Germany’s Best Kept Catholic Secret
by Beverly Stevens
They are everywhere. Vines, stretching for miles – on scalloped terraces rising over the winding Moselle River, ranging across the wide-open spaces in Franconia and the Palatinate, enveloping the mighty Rhine. “How many of you were raised here?” I recently asked a class of German teens. Ninety percent of the 16 year-olds raised their hands. “Okay, so who created these vineyards?”
Forget the scandal of the bishops. Ignore the empty churches. Look, instead, at the land itself, and the story of the Catholic Church in Germany will reveal itself to you.
Stumping the German Students
I gestured out the window to the vines covering miles of gentle slopes down to the Rhine. The students exchanged glances, shrugging.
“The Romans?” ventured one brave boy whose family farms the vineyards here.
“Nope,” I said. “Let’s try this again. Who cut down the trees, hauled away the stumps and prepared all these kilometers of land to grow grapes? I’ll give you a hint. It happened way before electricity and the combustion engine…”
“Who built the wine presses? Developed the science of wine-making? “
The class was stumped.
“It was the Church,” I told them finally, grinning. They looked at the priest whose class I was teaching, utterly flummoxed. Could this be true?
“I can’t believe it,“ the observing German lay teacher was mildly embarrassed. “How can you not know this?” she asked them, shaking her head.
How can this be? The answer, of course, is that they haven’t been taught this. No one – not their parents, nor the Catholic schools they attend — apparently ever bothers to teach what is glaringly apparent.
A Civilization Created by the Church
Nevertheless, facts are facts. Unbeknownst to them, these teenagers inhabit a civilization that was created by the Church. And it wasn’t just vines, or the wine-making. The Church brought engineering, medicine, education – all the blessings of civilization — to Germany. And the Rheingau today is living proof of this.
This 20-mile stretch along the Rhine (‘gau’ is German for ‘coast’) is a landscape painstakingly carved out of the wilderness by generations of monks. Ancient abbeys crown the hilltops. Tiny chapels, still lovingly maintained by anonymous hands, dot the hills.
World-famous Rieslings – a light white grape – were created by the Church’s viniculture here, centuries before Martin Luther ever saw the light of day. The wall-enclosed vineyard of Kloster Eberbach (the ‘Steinberg’) is said to produce one of the most sought-after white wines in the world today.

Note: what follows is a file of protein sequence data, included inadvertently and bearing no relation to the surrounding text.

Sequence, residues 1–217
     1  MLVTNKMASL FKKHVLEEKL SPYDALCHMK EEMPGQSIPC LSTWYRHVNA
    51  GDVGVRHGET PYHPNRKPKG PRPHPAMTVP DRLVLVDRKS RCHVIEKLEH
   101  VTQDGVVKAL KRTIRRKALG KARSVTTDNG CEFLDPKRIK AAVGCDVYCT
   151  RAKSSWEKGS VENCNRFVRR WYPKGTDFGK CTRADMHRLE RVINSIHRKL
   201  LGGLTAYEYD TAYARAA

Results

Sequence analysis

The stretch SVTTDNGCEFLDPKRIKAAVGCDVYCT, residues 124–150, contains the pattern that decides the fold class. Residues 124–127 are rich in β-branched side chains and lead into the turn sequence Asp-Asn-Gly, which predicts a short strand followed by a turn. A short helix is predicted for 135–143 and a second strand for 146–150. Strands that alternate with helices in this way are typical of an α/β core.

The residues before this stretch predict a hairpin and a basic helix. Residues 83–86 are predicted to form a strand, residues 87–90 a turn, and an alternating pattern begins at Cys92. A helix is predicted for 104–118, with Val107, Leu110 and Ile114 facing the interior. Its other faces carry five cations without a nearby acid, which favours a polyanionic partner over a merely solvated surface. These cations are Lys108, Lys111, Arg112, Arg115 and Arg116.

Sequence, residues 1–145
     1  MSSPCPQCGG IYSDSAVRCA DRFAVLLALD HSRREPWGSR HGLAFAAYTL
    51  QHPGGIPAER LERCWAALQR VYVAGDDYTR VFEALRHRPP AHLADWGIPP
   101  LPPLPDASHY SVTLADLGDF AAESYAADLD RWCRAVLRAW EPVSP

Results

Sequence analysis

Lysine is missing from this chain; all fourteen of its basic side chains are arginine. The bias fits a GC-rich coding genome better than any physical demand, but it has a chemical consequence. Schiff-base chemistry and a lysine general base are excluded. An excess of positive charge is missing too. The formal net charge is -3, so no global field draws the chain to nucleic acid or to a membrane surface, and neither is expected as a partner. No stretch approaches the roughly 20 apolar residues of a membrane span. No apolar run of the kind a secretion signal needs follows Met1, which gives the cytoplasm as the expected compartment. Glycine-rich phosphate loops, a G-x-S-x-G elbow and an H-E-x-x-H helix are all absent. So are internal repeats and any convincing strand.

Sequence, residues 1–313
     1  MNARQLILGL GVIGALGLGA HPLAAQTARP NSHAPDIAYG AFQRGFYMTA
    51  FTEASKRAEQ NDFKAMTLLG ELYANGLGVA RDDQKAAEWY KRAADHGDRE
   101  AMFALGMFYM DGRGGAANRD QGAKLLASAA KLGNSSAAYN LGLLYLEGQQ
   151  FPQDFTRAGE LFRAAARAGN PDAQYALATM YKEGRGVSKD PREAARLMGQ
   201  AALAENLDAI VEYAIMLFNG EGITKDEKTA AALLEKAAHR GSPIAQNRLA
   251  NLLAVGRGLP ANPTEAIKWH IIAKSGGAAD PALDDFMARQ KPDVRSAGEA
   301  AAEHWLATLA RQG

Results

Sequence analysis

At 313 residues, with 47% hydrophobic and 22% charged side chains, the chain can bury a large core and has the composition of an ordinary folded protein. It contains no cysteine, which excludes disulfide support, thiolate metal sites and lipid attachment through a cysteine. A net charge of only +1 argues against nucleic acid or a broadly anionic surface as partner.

All of this is the patient work of centuries. The Cistercians were the land-shapers, and their handiwork is visible everywhere. Where once only mosquito-infested swamps thrived, streams flow merrily straight downhill between orderly rows of vines, into the Rhine.
In addition to their impressive wine-making skills, the Benedictines celebrated the ancient liturgy. Carmelites were the contemplatives. Ursuline nuns taught the children. Here in the Rheingau, even the famously austere Jesuits kept vineyards.
But they are all gone, now, except for the Benedictine nuns in St. Hildegard’s Abbey. And all of this is unknown to the weekenders from Frankfurt for wine tastings, or to the tourists who enjoy the Rhine river cruises.
Even the people of the Rheingau, justly proud of their land, are in the dark about their own history.
Why is this?
Kidnapping Catholic Boys
“The Church was hated,” insisted one innkeeper with an amateur interest in local history. We were cozily ensconced in his Michelin-rated restaurant in a 16th century building. “They were rich, and lordly. The people were forced to tithe to them.”
Did the people felt any kinder towards the Hessian government?
“Ach, they weren’t any better. You know those Hessian soldiers who fought in the American Revolutionary War?” he asked. “The ones who George Washington’s troops murdered in their sleep on Christmas Eve after crossing the Delaware?
“They were Rheingau farm boys, and they were forced off these vineyards – sold like cattle for money –to the British by the local princes to fight in their bloody wars in America. They never had a chance, those poor bastards. The lucky ones ran away from the Redcoats. They deserted, found work and wives and became Americans.”
And the Church didn’t raise its voice in protest against this outrage?
“The government was Protestant,” he shrugged. “Very easy to sell the Catholics’ sons to the Protestant British. And what could the Church do, anyway? Pray?”
An Unknown Past
Why are the local Germans so ignorant of their own history?
“Because we are only taught about the 20th century,” the innkeeper explained, shaking his head. “The terrible years. The hunger. World War I. The Nazi terror. World War II. The bombings. The death. And then the rebuilding, the great accomplishments of the generations after the War.
“We learn almost nothing of the years before the 20th century. It is as if it never existed. Though, as you see, we live in the middle of it, surrounded by the physical evidence of a past that we barely know anything about.
“We think we are so smart, we Germans. But we are ignorant of who we are.”
Germany’s best kept Catholic secret is the country’s own Catholic history. And therein lies, perhaps, the greatest mystery of all to modern Germans.
And that is the question of who they actually are.
“We learn almost nothing of the years before the 20th century. It is as if it never existed. Though, as you see, we live in the middle of it, surrounded by the physical evidence of a past that we barely know ever existed.”